There are multiple bills working their way through the Florida legislature this year that all aim to secure taxpayer money to renovate professional sports facilities.
The front runner is SB 306/HB 165 which aims to give the Miami Dolphins $3 million a year from state general revenue funds for the next 30 years, in addition to the $2 million a year they already receive, and also allow Miami-Dade voters to increase the county hotel tax giving the team another $7.5-$10 million a year in tax dollars for 26 years.
The Jacksonville Jaguars also want a raise – they currently receive $2 million a year from state taxpayers but want that increased to $4 million. Orlando wants pro-soccer teams to be able to qualify for $2 million a year and the Daytona 500 wants in on the deal too. There’s also an effort to increase the subsidies given to facilities for spring training.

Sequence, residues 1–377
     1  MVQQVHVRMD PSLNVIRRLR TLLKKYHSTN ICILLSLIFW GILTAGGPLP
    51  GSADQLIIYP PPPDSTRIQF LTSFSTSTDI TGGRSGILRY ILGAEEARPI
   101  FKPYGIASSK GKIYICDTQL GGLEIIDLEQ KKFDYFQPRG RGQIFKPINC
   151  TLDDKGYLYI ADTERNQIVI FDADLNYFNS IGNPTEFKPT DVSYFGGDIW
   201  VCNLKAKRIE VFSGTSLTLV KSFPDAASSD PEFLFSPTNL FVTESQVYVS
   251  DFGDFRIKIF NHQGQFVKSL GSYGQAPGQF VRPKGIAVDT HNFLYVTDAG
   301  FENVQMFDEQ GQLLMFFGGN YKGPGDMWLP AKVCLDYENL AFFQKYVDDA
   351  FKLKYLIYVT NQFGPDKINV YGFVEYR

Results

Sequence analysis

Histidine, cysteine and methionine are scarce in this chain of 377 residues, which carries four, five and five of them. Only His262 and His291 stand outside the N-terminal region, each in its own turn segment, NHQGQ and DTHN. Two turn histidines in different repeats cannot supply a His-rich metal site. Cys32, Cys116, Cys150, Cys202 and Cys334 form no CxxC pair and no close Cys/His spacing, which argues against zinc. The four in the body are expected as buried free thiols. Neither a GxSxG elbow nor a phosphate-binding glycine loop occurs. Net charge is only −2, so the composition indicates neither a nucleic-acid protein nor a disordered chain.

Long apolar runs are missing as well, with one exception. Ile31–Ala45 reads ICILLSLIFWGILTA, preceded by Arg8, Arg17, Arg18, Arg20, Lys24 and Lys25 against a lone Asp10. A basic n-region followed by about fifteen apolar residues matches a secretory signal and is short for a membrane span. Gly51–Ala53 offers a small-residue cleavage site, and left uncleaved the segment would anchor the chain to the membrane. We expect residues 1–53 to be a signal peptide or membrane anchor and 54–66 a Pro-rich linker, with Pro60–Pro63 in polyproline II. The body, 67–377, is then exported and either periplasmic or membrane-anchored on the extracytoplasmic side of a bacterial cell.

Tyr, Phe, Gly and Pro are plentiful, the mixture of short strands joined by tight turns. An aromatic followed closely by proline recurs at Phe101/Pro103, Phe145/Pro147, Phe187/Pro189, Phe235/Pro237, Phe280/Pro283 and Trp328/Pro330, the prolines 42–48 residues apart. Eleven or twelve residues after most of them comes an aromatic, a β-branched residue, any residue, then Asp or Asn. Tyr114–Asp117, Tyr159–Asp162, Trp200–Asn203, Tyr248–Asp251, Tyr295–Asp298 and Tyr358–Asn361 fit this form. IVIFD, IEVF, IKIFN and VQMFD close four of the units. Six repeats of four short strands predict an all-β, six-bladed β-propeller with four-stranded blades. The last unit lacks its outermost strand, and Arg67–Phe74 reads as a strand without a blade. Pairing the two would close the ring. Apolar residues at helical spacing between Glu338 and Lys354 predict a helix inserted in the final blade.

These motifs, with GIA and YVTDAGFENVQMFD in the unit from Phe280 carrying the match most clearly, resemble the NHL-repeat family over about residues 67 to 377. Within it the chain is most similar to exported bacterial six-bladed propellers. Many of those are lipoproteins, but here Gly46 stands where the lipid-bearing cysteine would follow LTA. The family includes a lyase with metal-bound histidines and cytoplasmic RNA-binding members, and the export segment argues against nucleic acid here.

The proponents of these bills insist that stadiums are economic engines for communities and that they are wise investments for taxpayers. However, economists from around the country disagree with the pro-sports teams claims, noting that these projects end up being funded almost entirely by taxpayers, provide little to no economic benefit for communities, and that the big games teams use to coerce public funds don’t return anywhere near the amount the public ends up spending.
Here’s what independent analyses have shown on the true economics of the public subsidizing professional sports facilities:
The National Football League (NFL) uses the promise of an economic windfall to convince skeptical cities that public investment in new stadiums for their teams in exchange for the right to host the event makes economic sense. In fact the recent average public contribution for a new or renovated NFL stadium, $209 million, is less than the size of the economic impact estimates.
So we have to ask – is giving handouts to professional sports teams a responsible use of tax dollars or is this money better spent somewhere else? The answer seems clear. Our elected officials need to stand up for the taxpayers and stop giving out taxpayer-funded corporate welfare to professional sports teams.